First staged in 2014, this charming adaptation of Margery Williams’ beloved 1922 novel The Velveteen Rabbit has been all the way to New York and back again, and now makes its, I believe, third visit to the Unicorn Theatre, where its lovely life began three years ago. The show’s director Purni Morell has recently announced her resignation from the same theatre, and The Velveteen Rabbit is a great reminder, if anyone was in any doubt, of what gigantic shoes her successor will have to fill.
It’s a show that speaks to Morell’s legacy as Unicorn AD, characteristically combining a refusal to patronise young audiences with heaps of theatrical magic. Light on plot but full of heart, it makes for a gentle evening that’s able to speak, like all the best kids’ shows, to the child in adult audience members as well as the grown-ups in children; grown-ups that understand things change and grow, and we cannot keep all our toys forever.
Not that any of that is dwelt on unnecessarily. For the most part, The Velveteen Rabbit is a good excuse to charm and beguile audiences with a rightly well-loved tale, staged with simple charm by Morell and performed winningly by its small cast, especially Christian Roe, understatedly sweet as the titular toy rabbit who longs to be made ‘real’ by a child’s love. Though I didn’t really see the need for the all-male cast (sorry), the performances are uniformly strong, and having adult men play the boy and his toy rabbit allows Morell to casually portray touch and affection between men – which feels important to do in front of an audience of young boys, things being as they are.
Press night was a signed performance, which I note only because it was handled with such simple care, with the signing performer given an appropriate costume and treated as equal to, the same as, the other performers. The little bit of time taken here to integrate BSL into the show, the care with which it was made to feel an inextricable part, was such a small thing and so worth it, which I suppose felt fitting in a show about the power and potential of small things.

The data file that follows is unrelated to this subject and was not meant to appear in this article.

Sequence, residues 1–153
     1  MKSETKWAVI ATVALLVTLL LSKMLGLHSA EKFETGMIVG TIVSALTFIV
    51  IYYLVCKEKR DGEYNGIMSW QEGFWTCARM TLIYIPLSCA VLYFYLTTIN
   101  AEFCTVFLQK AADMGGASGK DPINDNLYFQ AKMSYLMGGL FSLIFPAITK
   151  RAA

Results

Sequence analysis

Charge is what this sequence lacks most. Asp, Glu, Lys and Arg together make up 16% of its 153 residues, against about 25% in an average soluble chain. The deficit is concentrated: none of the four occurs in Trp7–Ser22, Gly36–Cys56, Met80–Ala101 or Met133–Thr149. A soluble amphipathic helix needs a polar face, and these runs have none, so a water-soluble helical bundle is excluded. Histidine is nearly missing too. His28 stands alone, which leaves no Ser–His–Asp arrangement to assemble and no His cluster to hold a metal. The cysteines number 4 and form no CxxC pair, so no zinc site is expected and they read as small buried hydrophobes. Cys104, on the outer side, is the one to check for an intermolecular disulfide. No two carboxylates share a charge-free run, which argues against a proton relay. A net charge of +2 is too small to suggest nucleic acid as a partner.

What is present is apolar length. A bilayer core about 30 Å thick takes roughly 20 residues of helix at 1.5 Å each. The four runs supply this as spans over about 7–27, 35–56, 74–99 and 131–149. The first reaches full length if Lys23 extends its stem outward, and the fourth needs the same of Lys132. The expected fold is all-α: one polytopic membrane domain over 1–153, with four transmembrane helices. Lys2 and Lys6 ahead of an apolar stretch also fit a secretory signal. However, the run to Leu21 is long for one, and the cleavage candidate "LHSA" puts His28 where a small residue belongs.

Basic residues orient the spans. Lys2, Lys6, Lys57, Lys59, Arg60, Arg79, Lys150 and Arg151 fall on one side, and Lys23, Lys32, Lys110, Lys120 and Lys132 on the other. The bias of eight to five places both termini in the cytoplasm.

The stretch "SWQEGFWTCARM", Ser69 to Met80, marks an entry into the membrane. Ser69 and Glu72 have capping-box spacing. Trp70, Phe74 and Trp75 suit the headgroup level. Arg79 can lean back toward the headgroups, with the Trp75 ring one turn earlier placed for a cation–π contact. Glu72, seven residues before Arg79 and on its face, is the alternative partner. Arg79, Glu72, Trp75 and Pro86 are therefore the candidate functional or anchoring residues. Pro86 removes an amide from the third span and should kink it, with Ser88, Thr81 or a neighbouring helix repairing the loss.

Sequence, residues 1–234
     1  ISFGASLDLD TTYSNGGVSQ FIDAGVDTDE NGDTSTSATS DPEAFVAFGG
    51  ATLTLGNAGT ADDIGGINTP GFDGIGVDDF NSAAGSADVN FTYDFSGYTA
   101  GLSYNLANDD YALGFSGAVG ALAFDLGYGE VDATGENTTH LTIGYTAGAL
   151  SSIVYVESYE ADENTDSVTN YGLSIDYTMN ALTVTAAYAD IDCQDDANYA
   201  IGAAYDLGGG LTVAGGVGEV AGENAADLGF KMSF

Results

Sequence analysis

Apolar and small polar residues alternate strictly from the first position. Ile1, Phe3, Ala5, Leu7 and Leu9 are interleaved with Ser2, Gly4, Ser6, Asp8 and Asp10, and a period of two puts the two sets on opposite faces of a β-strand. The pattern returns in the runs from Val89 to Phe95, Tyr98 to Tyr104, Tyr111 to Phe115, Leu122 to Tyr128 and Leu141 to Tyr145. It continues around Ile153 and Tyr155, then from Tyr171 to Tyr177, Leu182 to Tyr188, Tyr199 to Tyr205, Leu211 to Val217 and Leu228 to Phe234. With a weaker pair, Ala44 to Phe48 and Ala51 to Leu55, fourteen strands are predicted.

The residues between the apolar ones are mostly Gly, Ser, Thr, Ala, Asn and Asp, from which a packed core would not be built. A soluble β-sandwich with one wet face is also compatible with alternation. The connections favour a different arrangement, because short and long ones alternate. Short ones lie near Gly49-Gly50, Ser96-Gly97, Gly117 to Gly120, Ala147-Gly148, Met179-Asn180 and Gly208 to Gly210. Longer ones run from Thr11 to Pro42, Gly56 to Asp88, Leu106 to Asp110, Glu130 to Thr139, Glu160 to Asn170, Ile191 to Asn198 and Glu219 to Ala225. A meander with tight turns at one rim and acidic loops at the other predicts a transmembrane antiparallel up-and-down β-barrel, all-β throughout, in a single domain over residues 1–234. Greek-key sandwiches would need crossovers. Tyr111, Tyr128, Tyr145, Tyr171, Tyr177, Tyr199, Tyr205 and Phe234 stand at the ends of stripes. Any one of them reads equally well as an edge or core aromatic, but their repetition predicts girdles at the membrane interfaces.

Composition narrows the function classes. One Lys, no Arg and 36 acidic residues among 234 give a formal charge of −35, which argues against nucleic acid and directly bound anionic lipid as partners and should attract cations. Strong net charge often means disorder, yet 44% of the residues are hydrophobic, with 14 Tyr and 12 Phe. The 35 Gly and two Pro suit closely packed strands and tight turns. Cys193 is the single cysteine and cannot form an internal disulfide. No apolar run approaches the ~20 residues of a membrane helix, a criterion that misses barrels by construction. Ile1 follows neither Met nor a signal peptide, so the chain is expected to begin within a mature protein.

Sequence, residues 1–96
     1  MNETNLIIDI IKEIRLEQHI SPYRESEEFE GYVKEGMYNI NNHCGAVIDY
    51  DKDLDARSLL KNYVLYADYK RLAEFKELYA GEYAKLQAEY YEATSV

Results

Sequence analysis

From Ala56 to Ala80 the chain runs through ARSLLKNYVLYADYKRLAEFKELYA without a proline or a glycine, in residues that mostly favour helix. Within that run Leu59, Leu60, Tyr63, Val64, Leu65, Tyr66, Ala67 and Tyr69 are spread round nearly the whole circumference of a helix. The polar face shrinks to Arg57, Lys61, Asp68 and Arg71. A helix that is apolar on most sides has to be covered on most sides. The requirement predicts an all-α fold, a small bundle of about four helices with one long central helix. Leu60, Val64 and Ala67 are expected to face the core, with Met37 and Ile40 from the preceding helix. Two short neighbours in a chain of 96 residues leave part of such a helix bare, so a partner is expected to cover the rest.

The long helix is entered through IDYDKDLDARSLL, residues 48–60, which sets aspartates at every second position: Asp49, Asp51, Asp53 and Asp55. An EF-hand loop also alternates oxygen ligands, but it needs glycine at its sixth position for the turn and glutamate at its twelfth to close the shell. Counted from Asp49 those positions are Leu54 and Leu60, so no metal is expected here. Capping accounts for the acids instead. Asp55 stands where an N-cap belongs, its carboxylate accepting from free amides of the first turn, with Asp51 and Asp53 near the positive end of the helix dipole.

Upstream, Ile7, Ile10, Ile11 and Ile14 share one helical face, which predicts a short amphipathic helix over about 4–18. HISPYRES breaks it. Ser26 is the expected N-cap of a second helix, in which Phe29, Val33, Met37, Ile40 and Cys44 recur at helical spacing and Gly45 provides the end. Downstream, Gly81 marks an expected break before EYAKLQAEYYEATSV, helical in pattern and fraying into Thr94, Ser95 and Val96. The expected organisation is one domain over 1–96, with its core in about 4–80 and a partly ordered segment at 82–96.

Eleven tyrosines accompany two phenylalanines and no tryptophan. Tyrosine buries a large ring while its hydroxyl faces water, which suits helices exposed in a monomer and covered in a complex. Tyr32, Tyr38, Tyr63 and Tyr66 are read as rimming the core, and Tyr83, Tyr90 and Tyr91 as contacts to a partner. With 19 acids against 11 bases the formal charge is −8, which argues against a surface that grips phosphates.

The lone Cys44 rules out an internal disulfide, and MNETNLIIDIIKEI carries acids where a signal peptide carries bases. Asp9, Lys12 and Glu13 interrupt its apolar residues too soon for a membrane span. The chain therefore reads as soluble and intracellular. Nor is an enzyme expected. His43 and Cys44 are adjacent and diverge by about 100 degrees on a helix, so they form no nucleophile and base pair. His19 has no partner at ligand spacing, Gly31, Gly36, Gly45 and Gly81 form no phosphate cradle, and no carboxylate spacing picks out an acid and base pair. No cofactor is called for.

In my late twenties and not planning to have kids any time soon, I watch a show like this with – well actually with a friend who I apologised to in advance for how much I would cry, and I did cry, a lot (sorry) – but anyway. I watch any show like this with two ghosts*: the ghost of my younger self, whose tiny rabbit-loving heart would have exploded, and the spectral presence, the potential of children I will one day bring to shows like this. I mean, two sets of my friends have had babies this year. Three times revived? Not enough. You’ll have to keep bringing it back ’til I can drag a little mate along.
Because in all its simple charm, The Velveteen Rabbit is a show about the only two kinds of magic I’ve ever really experienced – the magic and intensity of childhood, which can make the impossible seem possible, and of – sorry, but – theatre. I know! Allow it, it’s nearly Christmas, ish – and it’s simple stage magic, for the most part, that makes this show tick. What a joy to remember the delight it can bring a room full of people when done right. A surefire festive treat for kids and women in their 20s who cry in public too much, The Velveteen Rabbit is a show with heart and soul and moments of pure, dizzying wonder.
The Velveteen Rabbit is on until 31 December 2017 at the Unicorn Theatre. Click here for more details.
*Okay, three ghosts, whatever, shout-out to my much-missed much-loved late lamented rabbit, Bobby. Who loves ya Bobby.